View Full Essay

Women's History in America

Words: 591 Length: 2 Pages Document Type: Essay Paper #: 22481232

Feminism

From the 1920s to the 1980s, women's roles and social status were both dramatically expanded and simultaneously retarded. Promising progress was often met by simultaneous setbacks. Such fluctuations and dichotomies persist until this day, as women are being portrayed in conflicting ways in the media and in politics. The double standard for women has been the overarching theme of the twentieth century female experience. The 1920s was a time for radical role revolutions for women. Flappers were wild, independent women who broke free of gender role restrictions by wearing different clothes and dancing. Their breaking free of tradition reflected overarching social and political changes taking place throughout the world. The roles of women at this time were becoming increasingly liberated, and in the 1920s, women were finally granted the ability to vote. Their greater social and political status expanded female roles, but not universally and not comprehensively. For example,…… [Read More]

View Full Essay

Feminist Reading Two Models of

Words: 2840 Length: 9 Pages Document Type: Essay Paper #: 75727939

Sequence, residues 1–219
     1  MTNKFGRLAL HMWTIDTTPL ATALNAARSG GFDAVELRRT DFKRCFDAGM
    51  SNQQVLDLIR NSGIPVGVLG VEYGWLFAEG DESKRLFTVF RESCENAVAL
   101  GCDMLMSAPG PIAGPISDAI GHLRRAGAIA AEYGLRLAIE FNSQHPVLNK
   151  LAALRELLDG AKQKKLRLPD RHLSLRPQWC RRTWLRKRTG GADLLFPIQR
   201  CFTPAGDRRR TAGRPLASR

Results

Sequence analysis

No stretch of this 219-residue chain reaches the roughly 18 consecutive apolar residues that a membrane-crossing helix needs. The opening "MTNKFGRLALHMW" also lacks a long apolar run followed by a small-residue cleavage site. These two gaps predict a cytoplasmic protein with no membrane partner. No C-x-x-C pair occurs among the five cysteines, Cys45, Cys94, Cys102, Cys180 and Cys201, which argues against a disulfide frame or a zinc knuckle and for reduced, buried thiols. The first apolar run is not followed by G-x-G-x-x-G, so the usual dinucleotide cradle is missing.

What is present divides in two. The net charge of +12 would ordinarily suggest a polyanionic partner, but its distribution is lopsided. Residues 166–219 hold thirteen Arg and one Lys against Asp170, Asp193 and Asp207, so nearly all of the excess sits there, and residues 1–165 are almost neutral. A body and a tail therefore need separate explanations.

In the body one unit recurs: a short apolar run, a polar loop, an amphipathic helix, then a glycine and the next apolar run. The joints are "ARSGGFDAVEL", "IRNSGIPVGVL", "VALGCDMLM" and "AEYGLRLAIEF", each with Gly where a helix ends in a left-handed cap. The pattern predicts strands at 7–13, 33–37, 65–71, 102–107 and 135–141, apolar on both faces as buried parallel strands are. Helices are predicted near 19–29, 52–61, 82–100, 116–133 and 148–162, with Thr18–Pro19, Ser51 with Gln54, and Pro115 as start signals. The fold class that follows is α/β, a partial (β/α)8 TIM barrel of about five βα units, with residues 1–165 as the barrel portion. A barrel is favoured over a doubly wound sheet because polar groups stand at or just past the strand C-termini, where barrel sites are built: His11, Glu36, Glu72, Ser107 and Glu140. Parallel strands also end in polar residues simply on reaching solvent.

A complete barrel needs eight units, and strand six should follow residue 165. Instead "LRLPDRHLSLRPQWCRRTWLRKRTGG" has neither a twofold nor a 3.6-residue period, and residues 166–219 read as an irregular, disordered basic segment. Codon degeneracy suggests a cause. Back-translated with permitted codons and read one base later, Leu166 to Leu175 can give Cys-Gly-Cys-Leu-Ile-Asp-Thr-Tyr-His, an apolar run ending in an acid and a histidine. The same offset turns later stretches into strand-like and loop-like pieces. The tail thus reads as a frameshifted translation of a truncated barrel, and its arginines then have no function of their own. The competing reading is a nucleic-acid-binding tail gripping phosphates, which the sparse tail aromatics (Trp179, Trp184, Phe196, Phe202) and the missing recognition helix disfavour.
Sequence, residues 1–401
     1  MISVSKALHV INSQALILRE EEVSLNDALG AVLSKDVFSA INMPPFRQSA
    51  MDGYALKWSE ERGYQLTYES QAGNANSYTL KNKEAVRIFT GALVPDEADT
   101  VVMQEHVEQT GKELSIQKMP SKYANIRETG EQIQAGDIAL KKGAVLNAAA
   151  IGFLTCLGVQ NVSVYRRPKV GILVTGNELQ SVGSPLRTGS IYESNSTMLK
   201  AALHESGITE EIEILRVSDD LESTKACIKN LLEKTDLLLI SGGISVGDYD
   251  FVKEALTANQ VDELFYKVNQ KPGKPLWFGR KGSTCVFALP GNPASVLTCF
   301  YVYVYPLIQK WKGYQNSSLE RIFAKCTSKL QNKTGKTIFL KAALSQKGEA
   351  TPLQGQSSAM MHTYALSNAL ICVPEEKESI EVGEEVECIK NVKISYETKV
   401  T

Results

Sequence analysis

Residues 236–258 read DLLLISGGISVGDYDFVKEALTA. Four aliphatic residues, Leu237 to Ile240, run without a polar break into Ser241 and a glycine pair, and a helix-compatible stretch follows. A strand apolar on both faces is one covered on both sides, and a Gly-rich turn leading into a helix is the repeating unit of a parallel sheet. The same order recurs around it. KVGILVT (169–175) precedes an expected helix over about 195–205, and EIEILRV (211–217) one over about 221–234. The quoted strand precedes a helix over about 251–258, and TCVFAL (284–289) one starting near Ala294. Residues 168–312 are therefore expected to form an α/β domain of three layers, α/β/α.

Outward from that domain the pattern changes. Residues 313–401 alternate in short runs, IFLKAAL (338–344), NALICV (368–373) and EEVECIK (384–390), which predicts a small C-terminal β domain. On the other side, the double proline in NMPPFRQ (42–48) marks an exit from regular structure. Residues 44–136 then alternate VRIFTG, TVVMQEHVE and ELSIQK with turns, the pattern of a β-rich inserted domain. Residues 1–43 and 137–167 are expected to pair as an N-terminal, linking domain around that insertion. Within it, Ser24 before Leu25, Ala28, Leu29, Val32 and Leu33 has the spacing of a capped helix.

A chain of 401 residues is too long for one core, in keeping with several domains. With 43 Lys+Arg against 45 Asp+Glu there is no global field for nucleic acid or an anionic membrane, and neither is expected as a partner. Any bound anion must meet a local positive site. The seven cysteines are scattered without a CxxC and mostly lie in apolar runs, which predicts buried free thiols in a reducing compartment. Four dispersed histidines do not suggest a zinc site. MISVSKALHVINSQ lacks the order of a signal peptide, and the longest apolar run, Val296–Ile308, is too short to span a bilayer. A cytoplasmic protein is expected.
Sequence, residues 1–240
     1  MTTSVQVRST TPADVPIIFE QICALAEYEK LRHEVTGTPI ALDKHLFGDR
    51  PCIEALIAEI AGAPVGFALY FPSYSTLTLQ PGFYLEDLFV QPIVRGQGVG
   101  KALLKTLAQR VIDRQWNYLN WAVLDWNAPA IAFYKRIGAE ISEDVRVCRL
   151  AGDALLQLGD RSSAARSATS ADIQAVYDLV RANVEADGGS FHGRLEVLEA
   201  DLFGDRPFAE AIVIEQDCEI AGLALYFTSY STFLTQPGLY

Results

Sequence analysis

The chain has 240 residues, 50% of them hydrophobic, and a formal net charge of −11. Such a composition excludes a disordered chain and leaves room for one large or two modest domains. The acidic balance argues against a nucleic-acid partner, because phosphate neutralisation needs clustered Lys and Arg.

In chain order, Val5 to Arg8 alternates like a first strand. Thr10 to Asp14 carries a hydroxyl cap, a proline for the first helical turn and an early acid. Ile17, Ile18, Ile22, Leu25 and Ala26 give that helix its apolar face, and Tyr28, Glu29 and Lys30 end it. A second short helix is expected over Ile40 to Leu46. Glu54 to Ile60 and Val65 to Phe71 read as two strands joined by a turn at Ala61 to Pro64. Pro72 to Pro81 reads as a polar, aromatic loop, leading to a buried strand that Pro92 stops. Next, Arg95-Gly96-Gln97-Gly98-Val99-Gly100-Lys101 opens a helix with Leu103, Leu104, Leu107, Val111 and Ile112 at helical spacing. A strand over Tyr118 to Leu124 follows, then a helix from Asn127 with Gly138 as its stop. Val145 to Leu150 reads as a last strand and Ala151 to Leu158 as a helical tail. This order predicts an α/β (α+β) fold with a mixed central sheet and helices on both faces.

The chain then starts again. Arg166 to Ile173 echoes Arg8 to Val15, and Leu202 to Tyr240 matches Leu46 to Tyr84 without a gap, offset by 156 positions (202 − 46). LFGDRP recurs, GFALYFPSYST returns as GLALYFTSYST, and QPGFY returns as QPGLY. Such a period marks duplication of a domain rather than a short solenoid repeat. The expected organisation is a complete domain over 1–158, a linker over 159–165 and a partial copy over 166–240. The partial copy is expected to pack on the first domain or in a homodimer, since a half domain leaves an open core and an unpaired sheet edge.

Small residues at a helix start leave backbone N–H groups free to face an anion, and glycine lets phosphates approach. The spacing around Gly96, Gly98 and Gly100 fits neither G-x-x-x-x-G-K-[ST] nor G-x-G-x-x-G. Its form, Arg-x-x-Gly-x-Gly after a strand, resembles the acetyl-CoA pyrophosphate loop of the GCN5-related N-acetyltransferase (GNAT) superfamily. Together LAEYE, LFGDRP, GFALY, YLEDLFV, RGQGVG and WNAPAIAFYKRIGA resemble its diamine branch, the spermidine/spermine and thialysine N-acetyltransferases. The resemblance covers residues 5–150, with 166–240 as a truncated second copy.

As such, she fails to address the central problem of feminism in the Pontellier perspective, namely the impossibility of female individuality and independence in a patriarchal world. It is only in isolation that Edna can find any happiness, and she must make this isolation more and more complete in order to maintain her happiness, as the patriarchy has a means of encroaching on all populated areas, and Wollstonecraft's feminism does not offer an alternative to this need to escape humanity.

A final snort of disgust might be distinctly heard from Edna Pontellier upon her reading of this line of Wollstonecraft's, afterwards she might likely have flung the text aside (or into the fireplace, depending on the season): "Pleasure is the business of woman's life, according to the present modification of society" (ch. 4, par. 10). What Wollstonecraft means is that women are thought to be so fragile, so emotional, and…… [Read More]